Conversely, being able to admit fault, being able to acknowledge one’s role in the current health of the relationship, and having empathy for why your partner might do what she does from time to time without being hopelessly flawed (just like you!), leads to strong, healthy relationships.

The Bottom Line: Owning up to our mistakes allows us to take responsibility for our lives. If we can’t accurately perceive who we are, how we behave (and how others behave towards us), and how our behavior affects others and our own lives, life will always feel like something that’s happening to us, rather than something we are in control of. Men with an internal locus of control  – those who believe they can shape life through their own decisions and actions — are more confident, more likely to seek learning and be leaders, more disciplined, and better able to deal with stress and challenges. Men with an external locus of control, on the other hand, believe the course of their life is determined by luck and other people, and see themselves as victims. They are prone to problems with both their physical and mental health, and often plagued by stress, anxiety, and depression. When they make mistakes, they are apt to think, “Why is this happening to me?”

Men with an internal locus of control are achievement-oriented and more likely to find academic and professional success. Instead of remaining in a childish mindset, they grow into mature manhood. Instead of seeing themselves as the victim and blaming others for their failures, they learn from their mistakes and use them as stepping stones to getting stronger and moving ahead.

How to Take Greater Ownership of Your Mistakes

“The greatest of faults, I should say, is to be conscious of none.” -Thomas Carlyle

It’s not possible to be aware of all of our self-justification blind spots. You probably wouldn’t want to be, actually, lest you become unable to extricate yourself from a fetal position of regret. But it is possible, and desirable, to cultivate a greater awareness and ownership of our behavior and mistakes, especially those of a meaningful nature; you don’t need to rehearse the time you farted during class in the second grade over and over, but you do need to get at the root of why you always end up cheating on your girlfriends.

The common denominator in the points below is humility. It is those who are most confident, to the point of narcissism, who have the most trouble admitting their shortcomings; the gap between their behavior and their self-image is so wide, the dissonance so strong, that they readily reach for justifications that keep their ego intact. (People will low-esteem experience dissonance when something good happens to them and will try to explain it away, and even sabotage it to dissipate the dissonance: “Why is this hot chick into me? Maybe she made a bet with her friends.”)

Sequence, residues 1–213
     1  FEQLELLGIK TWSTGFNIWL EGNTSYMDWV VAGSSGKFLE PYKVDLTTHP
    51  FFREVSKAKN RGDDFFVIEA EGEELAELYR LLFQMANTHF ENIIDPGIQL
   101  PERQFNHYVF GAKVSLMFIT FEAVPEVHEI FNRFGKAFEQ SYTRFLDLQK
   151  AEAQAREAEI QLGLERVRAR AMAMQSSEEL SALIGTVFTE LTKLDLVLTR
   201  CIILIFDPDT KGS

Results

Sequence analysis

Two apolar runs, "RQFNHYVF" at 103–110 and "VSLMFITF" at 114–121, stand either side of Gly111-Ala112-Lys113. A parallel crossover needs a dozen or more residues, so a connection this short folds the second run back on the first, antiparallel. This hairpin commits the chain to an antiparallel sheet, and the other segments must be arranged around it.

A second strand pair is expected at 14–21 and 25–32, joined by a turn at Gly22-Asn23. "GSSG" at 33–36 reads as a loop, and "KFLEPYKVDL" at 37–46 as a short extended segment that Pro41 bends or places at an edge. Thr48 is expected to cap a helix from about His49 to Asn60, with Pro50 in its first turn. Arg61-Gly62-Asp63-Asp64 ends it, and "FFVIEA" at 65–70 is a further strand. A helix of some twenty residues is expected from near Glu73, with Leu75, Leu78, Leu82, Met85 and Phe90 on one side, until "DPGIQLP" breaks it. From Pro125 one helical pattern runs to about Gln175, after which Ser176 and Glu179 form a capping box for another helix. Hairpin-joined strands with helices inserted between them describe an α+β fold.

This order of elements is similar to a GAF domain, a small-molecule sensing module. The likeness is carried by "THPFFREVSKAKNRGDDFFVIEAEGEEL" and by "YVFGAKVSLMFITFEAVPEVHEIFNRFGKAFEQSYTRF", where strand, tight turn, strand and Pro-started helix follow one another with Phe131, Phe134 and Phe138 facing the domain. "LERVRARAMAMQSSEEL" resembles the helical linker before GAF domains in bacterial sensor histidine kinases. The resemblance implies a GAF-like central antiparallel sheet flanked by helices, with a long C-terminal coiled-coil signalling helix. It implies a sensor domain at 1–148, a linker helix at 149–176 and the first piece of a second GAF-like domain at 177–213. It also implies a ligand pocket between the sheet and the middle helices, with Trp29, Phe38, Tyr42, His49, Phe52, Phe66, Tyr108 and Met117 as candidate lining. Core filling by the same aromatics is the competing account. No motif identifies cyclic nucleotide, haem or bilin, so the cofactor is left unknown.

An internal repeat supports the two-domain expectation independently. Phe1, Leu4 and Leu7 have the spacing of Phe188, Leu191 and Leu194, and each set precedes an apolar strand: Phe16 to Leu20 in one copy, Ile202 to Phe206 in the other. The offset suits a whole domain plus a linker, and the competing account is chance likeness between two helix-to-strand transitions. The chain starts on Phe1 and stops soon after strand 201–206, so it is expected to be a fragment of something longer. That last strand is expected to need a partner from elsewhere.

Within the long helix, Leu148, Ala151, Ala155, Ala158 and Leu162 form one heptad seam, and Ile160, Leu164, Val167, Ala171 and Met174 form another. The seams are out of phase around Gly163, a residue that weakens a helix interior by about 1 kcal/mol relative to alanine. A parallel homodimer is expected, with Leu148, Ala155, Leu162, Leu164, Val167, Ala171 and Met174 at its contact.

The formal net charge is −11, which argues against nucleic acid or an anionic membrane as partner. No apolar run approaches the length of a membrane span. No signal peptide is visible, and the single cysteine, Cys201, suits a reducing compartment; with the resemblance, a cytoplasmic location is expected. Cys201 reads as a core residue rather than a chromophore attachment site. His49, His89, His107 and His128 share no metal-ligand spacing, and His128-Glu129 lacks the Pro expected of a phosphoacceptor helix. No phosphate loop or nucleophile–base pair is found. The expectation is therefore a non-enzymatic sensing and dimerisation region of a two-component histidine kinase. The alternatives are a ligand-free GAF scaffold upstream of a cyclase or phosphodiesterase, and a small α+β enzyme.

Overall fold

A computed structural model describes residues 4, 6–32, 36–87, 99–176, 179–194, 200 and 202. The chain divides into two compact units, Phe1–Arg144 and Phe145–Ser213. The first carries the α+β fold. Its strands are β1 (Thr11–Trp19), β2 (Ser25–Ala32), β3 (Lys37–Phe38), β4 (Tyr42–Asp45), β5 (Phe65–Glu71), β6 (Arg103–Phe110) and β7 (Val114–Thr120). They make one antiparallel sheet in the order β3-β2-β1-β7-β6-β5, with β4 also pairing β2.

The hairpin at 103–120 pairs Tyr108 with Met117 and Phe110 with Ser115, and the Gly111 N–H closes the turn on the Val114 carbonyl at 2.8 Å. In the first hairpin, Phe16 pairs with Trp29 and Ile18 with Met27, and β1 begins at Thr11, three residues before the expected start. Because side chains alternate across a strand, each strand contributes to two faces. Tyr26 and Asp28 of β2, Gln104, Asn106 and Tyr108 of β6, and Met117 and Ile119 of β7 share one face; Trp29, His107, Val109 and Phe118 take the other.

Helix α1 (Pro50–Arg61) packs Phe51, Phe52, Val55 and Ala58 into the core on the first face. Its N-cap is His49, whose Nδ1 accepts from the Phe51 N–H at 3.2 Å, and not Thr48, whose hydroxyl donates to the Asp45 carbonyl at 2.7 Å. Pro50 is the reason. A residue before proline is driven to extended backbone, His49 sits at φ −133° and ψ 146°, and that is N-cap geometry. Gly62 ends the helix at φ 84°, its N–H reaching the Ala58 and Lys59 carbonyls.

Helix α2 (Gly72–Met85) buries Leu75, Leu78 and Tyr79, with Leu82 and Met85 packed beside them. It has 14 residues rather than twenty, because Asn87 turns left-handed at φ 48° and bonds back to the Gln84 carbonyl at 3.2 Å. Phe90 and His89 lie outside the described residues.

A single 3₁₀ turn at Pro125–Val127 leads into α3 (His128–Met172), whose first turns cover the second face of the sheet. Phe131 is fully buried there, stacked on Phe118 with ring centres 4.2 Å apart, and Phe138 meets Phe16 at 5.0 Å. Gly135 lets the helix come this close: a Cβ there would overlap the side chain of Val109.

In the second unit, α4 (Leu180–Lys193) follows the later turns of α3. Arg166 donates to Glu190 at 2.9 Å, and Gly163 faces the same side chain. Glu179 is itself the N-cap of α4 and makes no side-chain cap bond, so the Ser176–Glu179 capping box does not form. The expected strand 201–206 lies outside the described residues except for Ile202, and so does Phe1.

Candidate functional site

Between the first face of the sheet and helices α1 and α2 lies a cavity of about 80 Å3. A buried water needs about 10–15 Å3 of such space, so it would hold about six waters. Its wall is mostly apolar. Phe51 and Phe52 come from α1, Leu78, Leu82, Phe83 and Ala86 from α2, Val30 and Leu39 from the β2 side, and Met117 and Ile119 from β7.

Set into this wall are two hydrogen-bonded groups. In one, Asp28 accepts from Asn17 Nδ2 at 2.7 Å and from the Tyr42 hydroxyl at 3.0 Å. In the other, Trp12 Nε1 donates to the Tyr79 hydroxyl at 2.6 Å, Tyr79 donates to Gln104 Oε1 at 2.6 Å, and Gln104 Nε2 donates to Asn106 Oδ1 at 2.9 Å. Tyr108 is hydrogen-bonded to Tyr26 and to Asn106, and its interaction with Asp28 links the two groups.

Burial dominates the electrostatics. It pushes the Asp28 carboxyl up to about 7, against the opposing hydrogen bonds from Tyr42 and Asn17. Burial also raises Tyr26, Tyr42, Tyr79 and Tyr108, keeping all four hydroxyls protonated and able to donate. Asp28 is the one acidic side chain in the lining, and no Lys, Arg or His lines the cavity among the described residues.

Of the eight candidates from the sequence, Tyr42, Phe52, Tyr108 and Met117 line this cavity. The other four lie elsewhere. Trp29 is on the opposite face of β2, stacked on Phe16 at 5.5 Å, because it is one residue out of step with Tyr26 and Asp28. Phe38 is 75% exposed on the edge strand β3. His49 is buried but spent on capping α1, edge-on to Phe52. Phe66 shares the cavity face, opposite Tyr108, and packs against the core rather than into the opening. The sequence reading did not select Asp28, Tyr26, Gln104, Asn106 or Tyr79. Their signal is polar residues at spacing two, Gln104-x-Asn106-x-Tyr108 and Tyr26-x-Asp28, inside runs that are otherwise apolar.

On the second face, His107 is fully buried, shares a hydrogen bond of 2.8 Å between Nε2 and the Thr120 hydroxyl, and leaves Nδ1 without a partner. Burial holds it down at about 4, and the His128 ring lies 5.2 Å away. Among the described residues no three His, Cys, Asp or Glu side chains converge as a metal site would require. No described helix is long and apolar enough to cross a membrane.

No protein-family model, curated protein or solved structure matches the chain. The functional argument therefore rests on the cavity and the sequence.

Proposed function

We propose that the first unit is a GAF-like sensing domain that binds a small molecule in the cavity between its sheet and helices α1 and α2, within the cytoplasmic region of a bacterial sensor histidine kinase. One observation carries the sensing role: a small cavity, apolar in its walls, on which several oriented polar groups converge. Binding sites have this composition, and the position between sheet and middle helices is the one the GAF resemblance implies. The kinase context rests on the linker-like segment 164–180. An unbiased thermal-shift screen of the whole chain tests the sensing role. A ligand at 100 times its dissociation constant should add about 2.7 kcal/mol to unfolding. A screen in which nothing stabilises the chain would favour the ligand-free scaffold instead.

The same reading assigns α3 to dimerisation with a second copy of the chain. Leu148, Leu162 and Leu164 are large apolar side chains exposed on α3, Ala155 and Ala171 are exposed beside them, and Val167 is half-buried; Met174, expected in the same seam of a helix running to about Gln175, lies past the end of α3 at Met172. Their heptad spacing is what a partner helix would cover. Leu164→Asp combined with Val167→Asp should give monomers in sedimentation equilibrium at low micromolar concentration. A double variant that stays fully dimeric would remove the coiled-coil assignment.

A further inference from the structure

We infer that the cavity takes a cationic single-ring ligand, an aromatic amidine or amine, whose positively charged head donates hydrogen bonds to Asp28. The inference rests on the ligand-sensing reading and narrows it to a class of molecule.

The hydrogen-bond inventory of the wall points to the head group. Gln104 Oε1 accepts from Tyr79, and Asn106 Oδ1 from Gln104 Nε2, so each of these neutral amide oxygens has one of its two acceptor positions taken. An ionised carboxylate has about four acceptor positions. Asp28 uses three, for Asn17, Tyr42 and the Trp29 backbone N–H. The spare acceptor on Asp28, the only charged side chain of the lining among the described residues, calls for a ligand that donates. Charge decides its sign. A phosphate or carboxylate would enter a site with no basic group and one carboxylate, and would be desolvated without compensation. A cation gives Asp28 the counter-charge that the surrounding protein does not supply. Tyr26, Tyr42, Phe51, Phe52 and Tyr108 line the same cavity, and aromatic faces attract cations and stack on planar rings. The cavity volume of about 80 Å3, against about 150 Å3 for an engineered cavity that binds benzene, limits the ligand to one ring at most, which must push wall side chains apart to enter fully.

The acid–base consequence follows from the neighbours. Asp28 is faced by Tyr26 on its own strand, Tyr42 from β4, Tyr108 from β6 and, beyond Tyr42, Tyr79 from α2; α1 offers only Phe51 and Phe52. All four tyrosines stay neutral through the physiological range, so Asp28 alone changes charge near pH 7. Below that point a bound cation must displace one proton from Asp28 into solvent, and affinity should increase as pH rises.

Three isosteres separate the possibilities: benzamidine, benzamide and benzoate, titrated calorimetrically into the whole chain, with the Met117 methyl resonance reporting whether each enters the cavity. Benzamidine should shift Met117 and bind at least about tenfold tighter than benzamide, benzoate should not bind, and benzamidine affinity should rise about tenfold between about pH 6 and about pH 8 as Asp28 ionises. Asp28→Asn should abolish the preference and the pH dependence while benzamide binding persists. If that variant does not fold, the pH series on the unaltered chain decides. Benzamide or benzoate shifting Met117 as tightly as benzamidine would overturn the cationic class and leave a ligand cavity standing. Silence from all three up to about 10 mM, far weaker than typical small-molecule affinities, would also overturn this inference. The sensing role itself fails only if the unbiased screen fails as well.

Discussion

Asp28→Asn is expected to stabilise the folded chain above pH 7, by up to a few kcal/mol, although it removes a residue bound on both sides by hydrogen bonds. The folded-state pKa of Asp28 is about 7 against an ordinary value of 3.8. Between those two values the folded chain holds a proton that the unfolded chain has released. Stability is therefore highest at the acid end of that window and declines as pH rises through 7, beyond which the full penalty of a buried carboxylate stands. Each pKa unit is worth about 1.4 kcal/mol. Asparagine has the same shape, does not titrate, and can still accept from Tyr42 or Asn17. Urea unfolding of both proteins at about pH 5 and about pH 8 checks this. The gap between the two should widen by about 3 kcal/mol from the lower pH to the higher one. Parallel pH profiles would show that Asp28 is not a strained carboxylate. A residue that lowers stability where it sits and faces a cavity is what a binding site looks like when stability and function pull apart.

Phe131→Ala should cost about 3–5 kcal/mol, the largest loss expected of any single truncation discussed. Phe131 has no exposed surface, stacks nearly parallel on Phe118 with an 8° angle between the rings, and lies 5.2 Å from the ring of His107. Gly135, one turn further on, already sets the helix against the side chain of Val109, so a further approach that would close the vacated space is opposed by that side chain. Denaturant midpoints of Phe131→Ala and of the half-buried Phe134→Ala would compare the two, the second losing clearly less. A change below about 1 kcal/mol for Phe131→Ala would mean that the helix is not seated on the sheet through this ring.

If it seems like responsibility-shirking is on the rise, it may not be your imagination. Narcissism has risen 30% among college students since 1979, and studies show their self-confidence is at an all-time high. The majority of college students think they are above average when it comes to social and intellectual confidence, leadership qualities, and the drive to succeed, even though this is statistically impossible, and belied by the facts; the students who rate themselves highly often do not have the grades to back that claim, and things like writing ability and number of hours spent studying has gone down over the last few decades, not up.

Confidence is a great thing, but it must also be linked to honest self-assessment and actual achievement. It must be leavened by clear-eyed humility. Otherwise, narcissism will keep us from seeing, and correcting for, our shortcomings. How do we find that wise humility?

Just like it may not be possible to eliminate every blind spot while you’re driving, but you can catch most with a look over your shoulder, you can catch your self-justifications with some extra care and reflection. Here’s how to shoulder-check your mistakes:

Nip it in the bud. As mentioned above, justifying a little mistake can allow it to grow into a huge one. And the more the emotional, financial, and moral stakes of a mistake mount, the harder it becomes to admit. So own up to a mistake when it’s small and do it as soon as possible after it happens. This is the oh-so-easy-to-justify-because-it’s-no-big-deal stage, but you have to ignore that temptation and nip it in the bud before it slowly grows into the this-mistake-is-destroying-my-life stage. How do you do that? You:

Tune into, and hold onto, the niggling feeling of dissonance. Unless you’re a sociopath, when you make a mistake you’ll feel cognitive dissonance — some might call it your conscience — kick in. For most people, it’s only a flash before they push it away with immediate justifications for why they’re not at fault. Our ego defense system kicks in automatically. In order to take greater ownership of your mistakes, you need to be able to locate that dissonance signal amongst all the self-justifications playing a soothing piper’s tune, and then tune in and hold it there. No one likes mental discomfort, so it really takes a kind of courage to be able to simply sit with that tension even as your brain screams to make it go away.

Try to sort through why your conscience is panged. While your immediate reaction may be to blame the situation or the other person, take an honest look at what role you may have had in precipitating that situation, or handling it poorly, and what you may have done to provoke the other person and what may have led to them reacting the way they did. Examine things from a different angle and from the other person’s perspective.